HMS Prince of Wales

  • Mr. Thomas Frederick Bird, British Wireman, who sailed in to battle on the HMS Prince of Wales and survived the sinking

HMS Repulse

  • Mr. Fred Bird, British Able Bodied Seaman, who sailed into battle on the HMS Repulse and survived the sinking

RMS Lusitania

  • Mrs. Rose Bird, (née Holloway), English 2nd Class passenger from England, who sailed aboard the RMS Lusitania and died in the sinking
  • Miss Marian May Bird, English Stewardess from England, who worked aboard the RMS Lusitania and survived the sinking by escaping in life boat 15
  • Mr. Walter Bird, English Chief Butcher from Stoneycroft, Lancashire, England, who worked aboard the RMS Lusitania and died in the sinking

RMS Titanic

  • Miss Ellen Bird, aged 31, American First Class passenger from New York City, New York who sailed aboard the RMS Titanic and survived the sinking escaping in life boat 8

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Suggested Readings for the name Bird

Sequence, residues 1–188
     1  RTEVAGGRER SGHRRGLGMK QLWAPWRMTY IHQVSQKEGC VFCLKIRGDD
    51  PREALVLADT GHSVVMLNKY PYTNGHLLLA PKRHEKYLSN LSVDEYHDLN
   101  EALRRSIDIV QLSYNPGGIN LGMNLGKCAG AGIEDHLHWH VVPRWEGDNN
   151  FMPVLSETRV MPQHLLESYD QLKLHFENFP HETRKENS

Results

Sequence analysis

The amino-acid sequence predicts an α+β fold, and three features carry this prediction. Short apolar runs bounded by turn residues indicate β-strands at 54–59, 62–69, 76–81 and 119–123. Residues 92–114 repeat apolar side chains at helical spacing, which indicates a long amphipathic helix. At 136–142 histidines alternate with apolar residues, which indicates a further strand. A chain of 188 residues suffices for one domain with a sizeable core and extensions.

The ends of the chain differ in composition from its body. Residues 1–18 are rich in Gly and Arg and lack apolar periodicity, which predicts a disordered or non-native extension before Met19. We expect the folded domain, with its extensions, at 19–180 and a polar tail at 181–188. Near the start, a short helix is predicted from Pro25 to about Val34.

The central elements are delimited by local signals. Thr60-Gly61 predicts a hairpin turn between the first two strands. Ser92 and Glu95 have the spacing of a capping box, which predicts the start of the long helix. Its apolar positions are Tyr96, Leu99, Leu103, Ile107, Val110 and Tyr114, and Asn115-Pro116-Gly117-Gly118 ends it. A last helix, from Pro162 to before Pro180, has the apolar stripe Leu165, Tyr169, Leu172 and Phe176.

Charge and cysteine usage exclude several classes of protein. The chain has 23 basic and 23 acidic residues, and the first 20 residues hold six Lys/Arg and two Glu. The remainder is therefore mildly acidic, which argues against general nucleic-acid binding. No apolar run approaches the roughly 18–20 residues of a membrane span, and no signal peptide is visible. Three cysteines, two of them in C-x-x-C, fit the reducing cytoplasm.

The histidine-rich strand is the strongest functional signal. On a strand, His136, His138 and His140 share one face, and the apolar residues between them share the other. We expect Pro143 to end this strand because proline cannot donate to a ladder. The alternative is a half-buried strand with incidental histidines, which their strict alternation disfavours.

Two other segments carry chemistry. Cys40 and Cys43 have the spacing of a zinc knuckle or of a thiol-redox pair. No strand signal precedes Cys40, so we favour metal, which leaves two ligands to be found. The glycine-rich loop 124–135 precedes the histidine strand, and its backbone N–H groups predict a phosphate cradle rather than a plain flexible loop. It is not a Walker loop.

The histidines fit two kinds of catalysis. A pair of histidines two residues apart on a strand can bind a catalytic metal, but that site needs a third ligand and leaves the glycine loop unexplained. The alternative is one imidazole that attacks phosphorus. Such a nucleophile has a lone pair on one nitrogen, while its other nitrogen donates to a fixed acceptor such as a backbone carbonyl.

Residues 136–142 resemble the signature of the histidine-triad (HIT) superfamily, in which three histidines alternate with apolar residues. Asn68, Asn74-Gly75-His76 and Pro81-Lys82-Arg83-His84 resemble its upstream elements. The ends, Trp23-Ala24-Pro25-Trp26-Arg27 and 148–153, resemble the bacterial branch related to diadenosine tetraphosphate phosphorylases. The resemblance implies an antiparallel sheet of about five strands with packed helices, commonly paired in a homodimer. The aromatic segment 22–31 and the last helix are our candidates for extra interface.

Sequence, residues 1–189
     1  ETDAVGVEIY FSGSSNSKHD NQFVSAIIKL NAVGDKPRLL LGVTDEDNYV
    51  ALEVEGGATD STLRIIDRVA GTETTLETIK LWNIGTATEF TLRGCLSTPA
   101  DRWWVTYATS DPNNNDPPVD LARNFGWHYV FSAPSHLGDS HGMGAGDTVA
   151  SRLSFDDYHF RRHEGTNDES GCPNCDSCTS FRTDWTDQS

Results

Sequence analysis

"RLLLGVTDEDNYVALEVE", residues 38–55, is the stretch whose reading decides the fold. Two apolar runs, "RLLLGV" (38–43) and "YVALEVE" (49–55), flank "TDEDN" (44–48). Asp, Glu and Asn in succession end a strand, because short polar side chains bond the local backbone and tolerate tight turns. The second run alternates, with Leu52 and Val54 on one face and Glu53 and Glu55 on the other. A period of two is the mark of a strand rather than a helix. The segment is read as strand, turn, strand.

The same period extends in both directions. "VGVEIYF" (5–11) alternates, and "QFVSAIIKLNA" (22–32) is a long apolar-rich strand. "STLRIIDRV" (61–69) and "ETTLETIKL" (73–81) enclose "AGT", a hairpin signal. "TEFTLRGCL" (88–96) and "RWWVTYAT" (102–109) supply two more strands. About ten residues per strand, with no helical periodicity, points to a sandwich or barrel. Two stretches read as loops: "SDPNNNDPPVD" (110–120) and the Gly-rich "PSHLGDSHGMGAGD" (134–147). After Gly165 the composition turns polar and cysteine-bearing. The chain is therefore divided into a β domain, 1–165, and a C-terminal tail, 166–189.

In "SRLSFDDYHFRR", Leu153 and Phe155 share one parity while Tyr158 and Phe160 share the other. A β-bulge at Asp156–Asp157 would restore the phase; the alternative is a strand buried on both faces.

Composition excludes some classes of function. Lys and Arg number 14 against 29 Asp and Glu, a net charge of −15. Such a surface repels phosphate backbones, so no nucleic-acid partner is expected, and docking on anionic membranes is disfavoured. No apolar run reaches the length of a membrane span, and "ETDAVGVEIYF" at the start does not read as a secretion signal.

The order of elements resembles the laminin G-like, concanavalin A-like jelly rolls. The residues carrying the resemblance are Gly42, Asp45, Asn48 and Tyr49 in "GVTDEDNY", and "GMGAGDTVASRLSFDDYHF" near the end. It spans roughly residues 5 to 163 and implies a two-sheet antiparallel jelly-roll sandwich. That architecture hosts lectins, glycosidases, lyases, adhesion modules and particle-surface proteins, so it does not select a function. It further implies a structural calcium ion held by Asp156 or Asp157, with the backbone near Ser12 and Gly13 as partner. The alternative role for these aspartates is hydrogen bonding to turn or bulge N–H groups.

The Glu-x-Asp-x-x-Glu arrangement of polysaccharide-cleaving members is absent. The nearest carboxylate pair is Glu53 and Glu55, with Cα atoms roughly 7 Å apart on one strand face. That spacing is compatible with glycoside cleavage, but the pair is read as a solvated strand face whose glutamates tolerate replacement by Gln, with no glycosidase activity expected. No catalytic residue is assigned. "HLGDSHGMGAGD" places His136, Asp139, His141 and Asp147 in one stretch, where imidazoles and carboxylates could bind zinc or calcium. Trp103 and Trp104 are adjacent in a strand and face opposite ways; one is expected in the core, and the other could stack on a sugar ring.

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Suggested Readings for the name Bird



  • The American Descendants of Robert Bird by Katherine Moore Cushman.
  • Genealogical Sketch of the Bird Family, Having Its Origin in Hartford, Connecticut by Isaac Bird.

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Motto


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Motto



The motto was originally a war cry or slogan. Mottoes first began to be shown with arms in the 14th and 15th centuries, but were not in general use until the 17th century. Thus the oldest coats of arms generally do not include a motto. Mottoes seldom form part of the grant of arms: Under most heraldic authorities, a motto is an optional component of the coat of arms, and can be added to or changed at will; many families have chosen not to display a motto.

Motto: Cruce spes mea
Motto Translation: My hope is in the cross.


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Bird Family Crest Products


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Bird Family Crest Products




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See Also


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See Also




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Citations


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Citations



  1. ^ Rubincam, Milton. The Old United Empire Loyalists List. Genealogical Publishing Co., Inc, 1976. (Originally published as; United Empire Loyalists. The Centennial of the Settlement of Upper Canada. Rose Publishing Company, 1885.) ISBN 0-8063-0331-X